As promised on December 13th, I will continue with Part 2 of the most common HDR photography questions that people inquire about. Today’s question is:
What Is HDR Photography?
HDR Photography stands for High Dynamic Range Photography. Basically it’s the combination of two or more pictures of the same exact subject to display the best of all light levels (detail) similar to what the human eye would see. Cameras capture less detail in the many of the light and dark areas, so there is limited light ranges captured in each photograph…they can be extremely bright or dark. The human eye can see the world in a greater number of light levels allowing you to see everything from extreme dark areas to bright areas at the same time in great detail. By combining photos taken at different exposure levels to create an HDR photo, you can produce a picture closer to what the human eye can see.
So how do I make that easier to understand, since I didn’t explain it well? Let me try this. Everyone has seen a photo taken inside a room looking at a window during a sunny day. One of two things usually happens. Either the camera creates a picture where you can see outside appropriately and the room is very dark. Or the room looks good in the photo, but the window is so bright you probably won’t be able to see anything outside the window. With an HDR version of that, both the room and the environment outside the window will look good in the picture allowing you to see both clearly (see my example below). Thus the term High Dynamic Range, because you end up with a greater dynamic range between the lightest and darkest areas of the picture. If you want more detail on this, you can look at a bunch of websites, but Wikipedia has a good page on this topic (http://en.wikipedia.org/wiki/HDR_photography). Sorry I can’t explain it better, but I hope it helped.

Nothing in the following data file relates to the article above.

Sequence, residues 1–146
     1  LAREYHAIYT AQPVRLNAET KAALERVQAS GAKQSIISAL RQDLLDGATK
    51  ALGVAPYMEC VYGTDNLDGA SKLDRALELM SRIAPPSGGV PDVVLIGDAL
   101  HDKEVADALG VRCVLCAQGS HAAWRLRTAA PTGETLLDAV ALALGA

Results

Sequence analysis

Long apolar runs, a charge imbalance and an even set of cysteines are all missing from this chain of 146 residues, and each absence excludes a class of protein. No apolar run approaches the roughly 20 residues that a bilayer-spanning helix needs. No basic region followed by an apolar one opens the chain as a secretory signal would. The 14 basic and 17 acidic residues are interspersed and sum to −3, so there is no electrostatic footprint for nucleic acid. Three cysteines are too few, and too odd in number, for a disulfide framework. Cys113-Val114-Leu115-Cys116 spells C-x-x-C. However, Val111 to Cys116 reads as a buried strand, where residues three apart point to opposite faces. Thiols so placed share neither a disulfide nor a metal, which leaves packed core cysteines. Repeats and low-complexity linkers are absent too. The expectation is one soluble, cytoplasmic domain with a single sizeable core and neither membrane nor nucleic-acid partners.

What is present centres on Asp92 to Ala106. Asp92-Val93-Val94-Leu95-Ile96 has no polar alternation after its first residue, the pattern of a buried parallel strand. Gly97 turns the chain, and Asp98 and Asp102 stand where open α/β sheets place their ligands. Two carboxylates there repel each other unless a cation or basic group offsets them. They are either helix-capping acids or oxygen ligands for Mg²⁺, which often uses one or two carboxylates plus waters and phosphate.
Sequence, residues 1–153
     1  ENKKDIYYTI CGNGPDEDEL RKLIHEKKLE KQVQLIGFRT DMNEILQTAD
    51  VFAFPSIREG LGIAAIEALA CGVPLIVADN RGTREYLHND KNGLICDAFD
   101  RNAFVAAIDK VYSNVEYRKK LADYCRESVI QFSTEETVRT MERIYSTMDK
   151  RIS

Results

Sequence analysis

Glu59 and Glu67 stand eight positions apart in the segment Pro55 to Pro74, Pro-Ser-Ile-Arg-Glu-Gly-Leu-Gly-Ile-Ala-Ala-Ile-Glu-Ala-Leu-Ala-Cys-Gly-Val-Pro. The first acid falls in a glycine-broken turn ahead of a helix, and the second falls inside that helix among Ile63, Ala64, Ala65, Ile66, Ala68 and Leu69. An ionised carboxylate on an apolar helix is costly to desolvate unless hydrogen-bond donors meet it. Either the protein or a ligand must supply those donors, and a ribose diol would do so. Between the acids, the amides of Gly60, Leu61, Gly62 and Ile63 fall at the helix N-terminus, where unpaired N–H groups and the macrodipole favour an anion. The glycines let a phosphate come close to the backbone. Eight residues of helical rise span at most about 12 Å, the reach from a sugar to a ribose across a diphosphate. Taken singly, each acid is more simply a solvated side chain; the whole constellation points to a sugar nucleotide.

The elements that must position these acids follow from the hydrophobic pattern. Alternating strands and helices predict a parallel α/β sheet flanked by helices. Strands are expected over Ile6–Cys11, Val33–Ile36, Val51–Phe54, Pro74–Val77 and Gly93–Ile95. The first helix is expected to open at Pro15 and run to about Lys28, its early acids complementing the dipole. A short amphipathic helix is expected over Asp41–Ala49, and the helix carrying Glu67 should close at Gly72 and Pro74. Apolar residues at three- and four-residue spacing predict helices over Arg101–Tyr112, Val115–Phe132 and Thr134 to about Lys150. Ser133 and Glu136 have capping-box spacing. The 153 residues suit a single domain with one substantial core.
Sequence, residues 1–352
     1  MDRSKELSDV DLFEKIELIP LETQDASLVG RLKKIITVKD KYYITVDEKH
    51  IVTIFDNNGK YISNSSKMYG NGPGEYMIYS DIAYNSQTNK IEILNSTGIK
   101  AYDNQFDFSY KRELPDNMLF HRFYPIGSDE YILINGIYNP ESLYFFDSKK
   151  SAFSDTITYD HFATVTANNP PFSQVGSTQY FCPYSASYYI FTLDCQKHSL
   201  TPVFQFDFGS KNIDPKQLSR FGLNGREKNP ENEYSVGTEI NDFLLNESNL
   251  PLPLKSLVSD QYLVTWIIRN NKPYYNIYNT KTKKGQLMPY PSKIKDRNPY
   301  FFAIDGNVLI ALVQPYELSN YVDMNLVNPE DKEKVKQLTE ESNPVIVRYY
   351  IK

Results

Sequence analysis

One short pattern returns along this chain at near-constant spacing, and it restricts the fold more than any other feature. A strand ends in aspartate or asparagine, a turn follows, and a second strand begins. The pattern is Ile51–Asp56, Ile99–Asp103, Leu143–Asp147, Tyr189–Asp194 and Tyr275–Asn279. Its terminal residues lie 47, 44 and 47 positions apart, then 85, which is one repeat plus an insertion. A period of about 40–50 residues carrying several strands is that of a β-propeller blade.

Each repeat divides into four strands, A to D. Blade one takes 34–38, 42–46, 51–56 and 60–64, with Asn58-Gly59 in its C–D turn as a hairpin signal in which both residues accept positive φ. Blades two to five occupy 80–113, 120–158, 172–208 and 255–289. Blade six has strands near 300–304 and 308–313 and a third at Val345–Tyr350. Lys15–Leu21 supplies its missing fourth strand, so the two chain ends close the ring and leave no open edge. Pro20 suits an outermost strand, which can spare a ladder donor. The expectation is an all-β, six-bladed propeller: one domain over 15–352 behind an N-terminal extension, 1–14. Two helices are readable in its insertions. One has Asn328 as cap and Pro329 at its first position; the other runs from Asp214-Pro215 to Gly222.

My HDR Example Picture:
Eisenhower Executive Office Building – otherwise known as the EEOB. This building sits right next to the White House in Washington DC and currently holds the White House Office of Administration/Executive Office of the President. You can see the final HDR product after I merged the original photo (0 Exposure Value) with two bracketed photos at intervals of +1 EV and -1 EV. As you can see (make sure to look at both photos below), the final HDR photo captures light and details from the best areas of all three photos to create a great image with more detail in all areas that the three individual photos can't provide by themselves. Hopefully this helped.
I’ll post my answer to the third and final question in Part 3 in the near future. If you have any questions, please post a comment and I’ll do my best to answer clearly and quickly.